Duluth, Minnesota— a Beautiful City With a Shameful Past: A “Necktie Party”
Like most people who visit Duluth in Minnesota, my husband and I wanted to enjoy the stunning views of Lake Superior. However, while driving around downtown, we stumbled on a more solemn site. On the corners of East 1st Street and North 2nd Street E, stands a memorial wall dedicated to three African American men lynched on that spot, 100 year ago.
I had heard something about this monument several years ago, but it wasn’t exactly on my mind at the moment. If I had remembered, I would have been prepared for what I saw. Instead, I was caught by surprise. I stood there in silence staring at the faces of the three men. As a lifelong Northerner, I sometimes feel insulated from the atrocities that happened in the South. But this memorial reminded me hatred is everywhere.
What happened in Duluth, Minnesota?
On June 14, 1920, a traveling circus performed a one night show in Duluth. After the show, two teenagers, Irene Tusken and James Sullivan, who attended the circus together, claimed six African American circus workers robbed them and raped Tusken. The next day, the Duluth’s Chief of Police arrested the six black men the teens identified as the attackers, Elias Clayton, Elmer Jackson and Isaac McGhie were among the six. Tusken also underwent a medical examine that same day; the doctor said there was no evidence of rape.
Either that information didn’t get out to the townsfolk or they didn’t care because that same day, a mob gathered for vigilante justice. One of the ring leaders, Louis Dondino, was said to have driven around Duluth inviting everyone to the “necktie party”. The mob, which had swelled to 10,000, broke into the jail and brutally beat Clayton, Jackson and McGhie. Then, declaring them guilty, they dragged them one block away from the jail, threw a rope over a light pole and lynched them. After they died, members of the mob posed with the corpses for a photograph that was later printed into postcards and sold as souvenirs.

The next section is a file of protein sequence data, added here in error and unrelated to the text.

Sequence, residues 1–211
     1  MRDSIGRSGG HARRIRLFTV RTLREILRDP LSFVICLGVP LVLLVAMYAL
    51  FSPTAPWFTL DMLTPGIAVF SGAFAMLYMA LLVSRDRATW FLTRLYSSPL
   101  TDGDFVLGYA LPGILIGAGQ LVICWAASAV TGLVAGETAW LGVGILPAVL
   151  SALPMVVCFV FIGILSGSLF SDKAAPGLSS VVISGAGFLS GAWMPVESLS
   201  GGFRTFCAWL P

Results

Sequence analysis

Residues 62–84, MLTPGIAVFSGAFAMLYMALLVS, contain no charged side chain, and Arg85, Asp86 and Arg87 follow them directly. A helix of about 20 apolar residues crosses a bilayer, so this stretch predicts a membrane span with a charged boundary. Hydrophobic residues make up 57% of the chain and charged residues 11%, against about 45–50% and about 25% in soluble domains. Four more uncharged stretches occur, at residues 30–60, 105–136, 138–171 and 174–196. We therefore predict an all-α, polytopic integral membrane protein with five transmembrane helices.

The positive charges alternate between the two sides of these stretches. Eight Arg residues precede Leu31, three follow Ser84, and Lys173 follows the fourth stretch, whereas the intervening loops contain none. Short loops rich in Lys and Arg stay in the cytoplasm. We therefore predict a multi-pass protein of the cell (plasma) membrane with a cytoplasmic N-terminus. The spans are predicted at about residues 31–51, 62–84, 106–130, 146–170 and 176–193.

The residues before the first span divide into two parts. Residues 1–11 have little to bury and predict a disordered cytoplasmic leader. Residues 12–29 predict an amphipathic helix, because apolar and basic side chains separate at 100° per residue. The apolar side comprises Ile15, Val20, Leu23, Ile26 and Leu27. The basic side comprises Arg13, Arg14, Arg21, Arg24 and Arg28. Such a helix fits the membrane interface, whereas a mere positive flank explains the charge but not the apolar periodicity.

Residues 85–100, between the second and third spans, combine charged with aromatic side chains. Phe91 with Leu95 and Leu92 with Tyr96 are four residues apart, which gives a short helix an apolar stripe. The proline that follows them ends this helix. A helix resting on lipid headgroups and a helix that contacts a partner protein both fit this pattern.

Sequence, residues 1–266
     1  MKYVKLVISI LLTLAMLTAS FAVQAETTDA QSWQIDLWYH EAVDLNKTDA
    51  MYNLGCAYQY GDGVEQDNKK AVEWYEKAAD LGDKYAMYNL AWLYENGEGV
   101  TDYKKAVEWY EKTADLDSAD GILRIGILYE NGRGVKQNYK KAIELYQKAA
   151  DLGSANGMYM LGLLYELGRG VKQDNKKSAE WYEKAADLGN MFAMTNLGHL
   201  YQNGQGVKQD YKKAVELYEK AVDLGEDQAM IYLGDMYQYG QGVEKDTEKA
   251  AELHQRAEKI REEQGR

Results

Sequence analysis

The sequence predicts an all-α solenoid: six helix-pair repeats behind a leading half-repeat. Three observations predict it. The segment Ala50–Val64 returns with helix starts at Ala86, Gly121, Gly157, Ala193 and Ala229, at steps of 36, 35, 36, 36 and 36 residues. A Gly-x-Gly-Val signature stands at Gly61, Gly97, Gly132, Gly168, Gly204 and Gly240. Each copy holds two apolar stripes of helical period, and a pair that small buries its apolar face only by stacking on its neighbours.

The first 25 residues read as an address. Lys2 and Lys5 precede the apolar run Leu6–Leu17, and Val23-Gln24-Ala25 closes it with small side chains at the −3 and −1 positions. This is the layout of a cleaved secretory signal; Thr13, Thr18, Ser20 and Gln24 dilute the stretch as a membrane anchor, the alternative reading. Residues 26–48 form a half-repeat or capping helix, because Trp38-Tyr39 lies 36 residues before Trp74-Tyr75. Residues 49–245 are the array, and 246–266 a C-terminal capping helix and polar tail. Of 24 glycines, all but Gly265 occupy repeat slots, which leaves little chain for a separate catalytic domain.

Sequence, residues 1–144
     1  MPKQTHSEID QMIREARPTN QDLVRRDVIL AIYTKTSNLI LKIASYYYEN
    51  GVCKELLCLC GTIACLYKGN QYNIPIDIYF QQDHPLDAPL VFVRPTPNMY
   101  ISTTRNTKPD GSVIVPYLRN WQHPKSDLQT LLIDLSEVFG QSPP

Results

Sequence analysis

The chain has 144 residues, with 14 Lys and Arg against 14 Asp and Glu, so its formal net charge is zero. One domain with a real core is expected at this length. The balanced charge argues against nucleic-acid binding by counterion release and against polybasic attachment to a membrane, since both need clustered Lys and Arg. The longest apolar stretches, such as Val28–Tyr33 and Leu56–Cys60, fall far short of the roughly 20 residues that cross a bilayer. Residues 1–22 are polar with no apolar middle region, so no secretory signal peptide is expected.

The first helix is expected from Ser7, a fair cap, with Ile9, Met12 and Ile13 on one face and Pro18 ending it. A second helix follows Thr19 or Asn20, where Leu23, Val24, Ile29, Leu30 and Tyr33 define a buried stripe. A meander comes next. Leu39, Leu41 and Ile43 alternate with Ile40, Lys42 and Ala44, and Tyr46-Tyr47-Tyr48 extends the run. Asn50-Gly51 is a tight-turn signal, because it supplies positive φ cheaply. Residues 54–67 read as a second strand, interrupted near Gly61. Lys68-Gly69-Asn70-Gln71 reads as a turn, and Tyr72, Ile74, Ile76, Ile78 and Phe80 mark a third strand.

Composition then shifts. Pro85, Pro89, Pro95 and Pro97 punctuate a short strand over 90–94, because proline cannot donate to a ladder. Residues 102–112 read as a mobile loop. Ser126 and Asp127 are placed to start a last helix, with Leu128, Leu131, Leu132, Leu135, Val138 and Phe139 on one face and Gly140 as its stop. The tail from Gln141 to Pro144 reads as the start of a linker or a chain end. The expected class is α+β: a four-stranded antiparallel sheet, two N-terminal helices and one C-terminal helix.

The National Guard was deployed to restore order to the city. The remaining black prisoners were moved from the city jail to the county jail for their safety. A few months later, a trial was held for another of the African American men, Max Mason. In spite of the lack of evidence and the brutal execution of the other three men, Mason was convicted and sentenced to up to 30 years in prison. Mason was released after four years on the condition he leave Minnesota.
Dondino was one of three white men prosecuted for rioting and murder. They were convicted only of rioting and and received a minor sentence. No one was convicted of murdering Clayton, Jackson and McGhie.
In the aftermath, a chapter of the National Association for the Advancement of Colored People (NAACP) was founded in Minnesota. Also, with heavy lobbying by a black female activist named Nellie Francis, the state legislature passed an anti-lynching law on April 21, 1921.
Duluth Today: A City Working Towards Reconciliation and Healing
To document this for future generations so that it is never forgotten, the Clayton, Jackson, McGhie Memorial, Inc. was founded it 2000. It’s mission is “to foster racial justice and promote healing and reconciliation in our community”. In 2003, Duluth dedicated a memorial honoring the lives of Clayton, Jackson and McGhie. The memorial is located directly across the street from where the the three men were lynched. Duluth also holds a “Day of Remembrance” each year. The efforts Duluth is making, while cannot and should not erase the past, do go a long way to healing the wounds.
2020: The 100 Hundred Year Commemoration
This year marks the 100th anniversary of this miscarriage of justice. In recognition of this, the Clayton, Jackson, McGhie Memorial, Inc. is hoping for a massive turnout for their commemoration. The goal is to have at least 10,000 residents and visitors to gather at the memorial location on June 15, 2020.
I see a road trip in my future.
More information about the lynching and the memorial can be obtained at the sites below.